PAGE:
Author: April Bulmer
Title: And With Thy Spirit
ISBN: 978-1-927725-36-8 = 9781927725368
Trade Paperback: 110 pages – 6 X 9
Suggested Retail (Paperback): $15.95
Genre: Poetry, Canadian
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The basis of And With Thy Spirit is a belief in reincarnation. To clarify, reincarnation is the Eastern religious or philosophical concept that the soul begins a life after biological death in a new body—human, animal or spiritual. For years, I have had fleeting insights into past lives. In these visions, I am a very old and mostly female soul. I have a strong sense that I incarnated many times as a Native girl who lived in what is now Canada. I was bound by my culture and challenges of land and weather, as well as the hardships created by my body which was often subject to sickness, childbirth and abuse. The key line in this collection of poetry to explain these beliefs appears in the poem “Schizophrenia” and reads, “Lord I am born/again and again/I await the blood/of your coming.
In ‘April’ I work through experiences I’ve had in this life, particularly with my father. I believe we travel in groups, returning again and again to meet the same souls in new contexts and roles. We affect each other’s destiny as our paths cross life after life. This seemed to be the case with my father whose eccentric behaviour seemed familiar to me and yet remained a fresh and ongoing challenge until he died in 2001.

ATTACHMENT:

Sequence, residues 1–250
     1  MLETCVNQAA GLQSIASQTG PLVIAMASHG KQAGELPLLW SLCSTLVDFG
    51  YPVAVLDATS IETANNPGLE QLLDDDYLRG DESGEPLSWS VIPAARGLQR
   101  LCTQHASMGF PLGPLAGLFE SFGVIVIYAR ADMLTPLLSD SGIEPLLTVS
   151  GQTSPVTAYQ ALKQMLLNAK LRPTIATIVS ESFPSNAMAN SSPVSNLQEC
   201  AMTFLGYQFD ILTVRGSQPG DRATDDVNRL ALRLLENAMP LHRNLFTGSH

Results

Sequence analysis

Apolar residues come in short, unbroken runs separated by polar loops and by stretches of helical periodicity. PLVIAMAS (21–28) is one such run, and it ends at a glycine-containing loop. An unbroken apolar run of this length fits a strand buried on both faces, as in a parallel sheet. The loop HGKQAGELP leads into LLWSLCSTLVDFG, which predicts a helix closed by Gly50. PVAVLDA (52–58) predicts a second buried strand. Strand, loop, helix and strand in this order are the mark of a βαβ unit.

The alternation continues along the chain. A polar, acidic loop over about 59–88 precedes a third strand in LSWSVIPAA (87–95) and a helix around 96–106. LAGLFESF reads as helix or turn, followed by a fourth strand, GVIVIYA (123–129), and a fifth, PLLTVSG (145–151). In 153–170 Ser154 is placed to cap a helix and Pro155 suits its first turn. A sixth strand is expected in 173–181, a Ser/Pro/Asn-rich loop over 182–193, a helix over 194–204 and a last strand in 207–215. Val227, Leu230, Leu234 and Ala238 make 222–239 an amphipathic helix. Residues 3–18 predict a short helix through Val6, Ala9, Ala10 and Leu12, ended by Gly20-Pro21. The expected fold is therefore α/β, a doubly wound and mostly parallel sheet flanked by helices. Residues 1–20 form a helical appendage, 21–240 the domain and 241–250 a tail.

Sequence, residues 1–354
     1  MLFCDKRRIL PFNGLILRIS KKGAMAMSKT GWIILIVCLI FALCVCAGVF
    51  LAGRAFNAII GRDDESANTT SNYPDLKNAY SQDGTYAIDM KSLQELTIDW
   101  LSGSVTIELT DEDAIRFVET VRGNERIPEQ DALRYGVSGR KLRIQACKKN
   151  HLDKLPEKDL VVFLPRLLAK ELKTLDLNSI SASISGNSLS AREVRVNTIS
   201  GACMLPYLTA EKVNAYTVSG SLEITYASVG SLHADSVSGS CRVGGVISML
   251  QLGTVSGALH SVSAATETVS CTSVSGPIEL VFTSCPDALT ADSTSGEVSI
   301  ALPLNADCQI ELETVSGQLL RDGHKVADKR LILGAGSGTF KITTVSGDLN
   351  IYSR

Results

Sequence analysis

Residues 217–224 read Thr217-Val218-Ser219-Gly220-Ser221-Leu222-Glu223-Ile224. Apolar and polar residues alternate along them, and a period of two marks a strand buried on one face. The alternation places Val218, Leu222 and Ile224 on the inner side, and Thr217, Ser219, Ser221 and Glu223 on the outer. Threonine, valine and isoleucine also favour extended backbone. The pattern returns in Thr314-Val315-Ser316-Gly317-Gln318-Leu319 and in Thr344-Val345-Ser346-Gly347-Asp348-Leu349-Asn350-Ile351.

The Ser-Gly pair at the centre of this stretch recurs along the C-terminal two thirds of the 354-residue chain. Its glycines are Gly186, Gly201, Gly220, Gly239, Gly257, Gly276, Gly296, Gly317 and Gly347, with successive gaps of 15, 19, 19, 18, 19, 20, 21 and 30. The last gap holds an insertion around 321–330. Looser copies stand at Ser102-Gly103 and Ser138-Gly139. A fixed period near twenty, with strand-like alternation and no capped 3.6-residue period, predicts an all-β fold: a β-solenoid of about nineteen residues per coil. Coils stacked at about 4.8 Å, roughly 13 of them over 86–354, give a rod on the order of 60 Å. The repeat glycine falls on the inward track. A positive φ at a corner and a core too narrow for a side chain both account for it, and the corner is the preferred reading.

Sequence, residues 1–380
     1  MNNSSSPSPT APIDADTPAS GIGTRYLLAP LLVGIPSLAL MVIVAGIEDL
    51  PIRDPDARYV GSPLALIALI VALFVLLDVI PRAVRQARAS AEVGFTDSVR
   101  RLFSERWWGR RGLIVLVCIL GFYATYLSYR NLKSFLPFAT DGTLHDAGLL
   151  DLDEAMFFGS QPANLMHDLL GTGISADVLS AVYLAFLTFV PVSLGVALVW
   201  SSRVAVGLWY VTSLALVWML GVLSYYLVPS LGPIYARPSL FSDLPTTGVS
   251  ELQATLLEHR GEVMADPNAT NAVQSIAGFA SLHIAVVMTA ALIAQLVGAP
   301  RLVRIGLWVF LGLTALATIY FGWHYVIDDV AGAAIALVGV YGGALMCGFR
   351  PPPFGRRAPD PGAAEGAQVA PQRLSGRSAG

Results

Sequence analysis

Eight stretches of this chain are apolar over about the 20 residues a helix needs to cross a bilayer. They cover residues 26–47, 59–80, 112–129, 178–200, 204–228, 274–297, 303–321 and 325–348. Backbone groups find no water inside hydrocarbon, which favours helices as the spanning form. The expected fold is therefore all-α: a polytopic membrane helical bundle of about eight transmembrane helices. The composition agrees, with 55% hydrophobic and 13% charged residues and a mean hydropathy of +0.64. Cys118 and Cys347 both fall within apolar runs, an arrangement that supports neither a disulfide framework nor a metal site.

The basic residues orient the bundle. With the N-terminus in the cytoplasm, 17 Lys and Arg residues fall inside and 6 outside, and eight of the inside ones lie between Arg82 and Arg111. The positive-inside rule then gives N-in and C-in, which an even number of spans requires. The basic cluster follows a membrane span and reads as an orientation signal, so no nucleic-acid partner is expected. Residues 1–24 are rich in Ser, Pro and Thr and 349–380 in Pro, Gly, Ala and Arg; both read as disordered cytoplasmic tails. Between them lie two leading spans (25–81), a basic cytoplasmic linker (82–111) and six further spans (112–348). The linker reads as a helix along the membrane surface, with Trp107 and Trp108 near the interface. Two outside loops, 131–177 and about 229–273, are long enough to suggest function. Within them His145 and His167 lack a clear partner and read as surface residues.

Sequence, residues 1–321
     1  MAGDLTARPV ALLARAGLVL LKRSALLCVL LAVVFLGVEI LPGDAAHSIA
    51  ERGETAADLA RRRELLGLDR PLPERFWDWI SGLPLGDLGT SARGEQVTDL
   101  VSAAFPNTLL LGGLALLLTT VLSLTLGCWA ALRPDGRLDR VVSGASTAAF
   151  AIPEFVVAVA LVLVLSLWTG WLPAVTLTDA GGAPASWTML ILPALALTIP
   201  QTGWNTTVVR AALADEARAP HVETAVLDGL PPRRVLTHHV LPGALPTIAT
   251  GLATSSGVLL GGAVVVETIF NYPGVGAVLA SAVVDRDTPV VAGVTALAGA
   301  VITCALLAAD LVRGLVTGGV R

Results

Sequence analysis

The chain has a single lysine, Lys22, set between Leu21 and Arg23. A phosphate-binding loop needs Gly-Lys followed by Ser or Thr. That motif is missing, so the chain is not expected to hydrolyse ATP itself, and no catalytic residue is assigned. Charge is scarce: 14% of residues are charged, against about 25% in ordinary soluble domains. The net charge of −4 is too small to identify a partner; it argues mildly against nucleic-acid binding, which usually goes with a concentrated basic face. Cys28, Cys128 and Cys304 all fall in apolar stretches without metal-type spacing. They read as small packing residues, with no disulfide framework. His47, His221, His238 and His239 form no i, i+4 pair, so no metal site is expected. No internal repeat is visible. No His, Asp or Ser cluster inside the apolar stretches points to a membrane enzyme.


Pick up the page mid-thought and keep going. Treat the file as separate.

Some of my other memories revolve around symbols and archetypes like moon, mother, birth, Goddess, God and Christ. They have been grouped together under various women’s names to represent single incarnations or lives, as my memories are often as puzzling as dreams or visions.
Jesus remains a pivotal figure for me and I have written a manuscript based on the synoptic gospels, rendering them in feminist terms. In And With Thy Spirit he appears as an enigmatic messiah, subject to some of the physical and psychological challenges of women. These images are, at times, based on dreams and also my studies in contemporary feminist Biblical interpretation and theology which stress the significance of women, the body, nature and ecology over ancient Greek-based ideals of masculinity, mind and text.
I also believe in an open Biblical canon, a history of understanding that is not yet finished and includes new imagery, readings of stories, narrative and parables. Feminist theologians, artists and poets are shaping new speech about God and Jesus and growing the Church into a new movement. For if ideas of God do not keep pace with newly-enfolding experience, the deity dies and fades from collective memory.